Once you have the list of attendees, ask yourself these 3 questions:

  • Why are they coming?
  • What do they need to know?
  • What do they already know?

Just by asking these 3 questions, you will gain some insight into your attendees and you will be ready with answers and information to the questions that may arise in the meeting.

step 2

Small talk

Making small talk is part of any meeting, in fact it is really important for setting the tone of the meeting. There is nothing worse than sitting in a room with some other people in SILENCE, waiting for everyone else to show up.

Talking to people that you already know is not usually an issue, but what if you are confronted with colleagues from other departments, branches or countries. Even worse, what if you are stuck with some external attendees and YOU are the face of the company.

Follow these tips to avoid embarrassing silence and feeling uncomfortable.

Be ready with some expressions

Having some ready prepared expressions will go a long way to helping you feel more comfortable, so make sure you plan some before the meeting.

Have some ideas of recent events

A quick review of the news headlines or recent events will be a good place to start. Try and be sensitive to the topic. If the news surrounding you lately is all bad (cough , cough, COVID-19), then maybe try looking for something a bit light hearted to set the tone of the meeting on a positive note.

Be sensitive to your participants (goes back to who is coming)

Making sure you know who is coming will help you to choose decent topics for discussion. You can make it easy for people to engage you in conversation by using open questions and tag questions. This makes it easier for people to answer.

step 3

Key expressions for participating

Finally, you should really have a wide range of key expressions at your disposal for each stage of a meeting. Luckily meetings follow a pretty standard structure, so by understand the stages of a meeting then you can learn what are the typical expressions used.

For example, if you are leading a meeting then you will need to know typical expressions, both formal and informal for opening and closing a meeting.

If on the other hand, you are participating or presenting in a meeting, then you will need to know common expressions for some of the following meeting skills areas:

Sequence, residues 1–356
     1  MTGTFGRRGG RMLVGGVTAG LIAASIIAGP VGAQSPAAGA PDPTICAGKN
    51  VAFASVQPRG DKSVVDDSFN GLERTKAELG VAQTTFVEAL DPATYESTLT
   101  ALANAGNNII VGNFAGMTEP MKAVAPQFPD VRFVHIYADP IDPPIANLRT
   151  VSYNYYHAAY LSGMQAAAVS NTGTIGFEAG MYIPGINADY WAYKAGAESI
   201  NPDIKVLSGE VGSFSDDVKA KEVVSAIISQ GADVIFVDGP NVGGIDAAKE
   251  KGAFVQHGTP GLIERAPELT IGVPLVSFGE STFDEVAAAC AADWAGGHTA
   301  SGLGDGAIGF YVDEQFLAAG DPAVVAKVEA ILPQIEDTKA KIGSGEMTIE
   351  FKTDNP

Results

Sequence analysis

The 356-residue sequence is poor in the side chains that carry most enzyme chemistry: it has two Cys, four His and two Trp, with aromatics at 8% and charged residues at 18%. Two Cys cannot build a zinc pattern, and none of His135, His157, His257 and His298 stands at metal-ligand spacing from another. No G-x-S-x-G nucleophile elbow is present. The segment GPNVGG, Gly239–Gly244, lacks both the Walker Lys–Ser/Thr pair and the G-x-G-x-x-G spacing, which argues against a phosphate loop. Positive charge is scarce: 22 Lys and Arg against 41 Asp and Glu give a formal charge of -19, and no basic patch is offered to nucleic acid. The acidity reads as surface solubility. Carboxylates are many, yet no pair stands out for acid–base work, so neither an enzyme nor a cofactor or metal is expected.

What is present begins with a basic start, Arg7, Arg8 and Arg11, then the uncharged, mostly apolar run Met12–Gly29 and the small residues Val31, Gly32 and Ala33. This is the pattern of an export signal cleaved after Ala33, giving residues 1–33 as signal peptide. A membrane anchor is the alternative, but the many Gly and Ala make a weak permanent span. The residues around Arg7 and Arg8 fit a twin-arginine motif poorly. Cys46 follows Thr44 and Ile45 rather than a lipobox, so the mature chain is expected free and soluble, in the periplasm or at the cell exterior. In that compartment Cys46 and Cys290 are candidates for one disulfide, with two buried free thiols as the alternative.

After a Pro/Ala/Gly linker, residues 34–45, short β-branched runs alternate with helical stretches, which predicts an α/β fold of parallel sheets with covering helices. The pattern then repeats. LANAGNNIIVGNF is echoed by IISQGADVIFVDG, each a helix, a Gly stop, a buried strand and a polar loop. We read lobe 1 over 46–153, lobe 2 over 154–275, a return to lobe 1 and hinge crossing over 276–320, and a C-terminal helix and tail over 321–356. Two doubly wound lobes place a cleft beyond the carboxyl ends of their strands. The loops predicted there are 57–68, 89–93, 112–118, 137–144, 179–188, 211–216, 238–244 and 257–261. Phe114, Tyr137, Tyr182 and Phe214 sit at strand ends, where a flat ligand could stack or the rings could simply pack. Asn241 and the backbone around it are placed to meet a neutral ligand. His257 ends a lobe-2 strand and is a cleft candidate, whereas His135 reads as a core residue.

• Asking for clarification
  • Expressing opinions
  • Checking and clarifying
  • Agreeing and disagreeing
 If you are not familiar with many of these expressions, then luckily The Art of Business English can help you learn them and many more.

AOBE is here to help you!

As you can see, participating in meetings doesn’t need to be an uncomfortable or nerve-racking experience. It just requires a bit of planning and understanding of the language we use in meetings. In fact, improving your confidence and levels of participation in meetings will lead to more productive meetings and better outcomes for you professionally.

Remember, the way people perceive you professionally is dependent on how well you can communicate and connect with them.

If you’re not sure where to start, then take a look at our free sample course on meetings or enroll in our short course “How to confidently participate in meetings”. On this course we deep dive into all the language you will need to effectively and confidently express yourself in business meetings.

Enrol in the course here

How to confidently participate in meetings

Final thoughts

Thanks for joining me for another episode of The Art of Business English, I hope you have found these tips useful. Please comment below on the areas that you find the most difficult when participating in business meetings, I would love to hear your thoughts.

Till next week take care.

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Andrew is the CEO and founder of the Art of Business English. Besides teaching and coaching native Spanish speakers in Business English, he is also passionate about mountain biking, sailing and healthy living. When He is not working, Andrew loves to spend time with his family and friends.

Andrew Ambrosius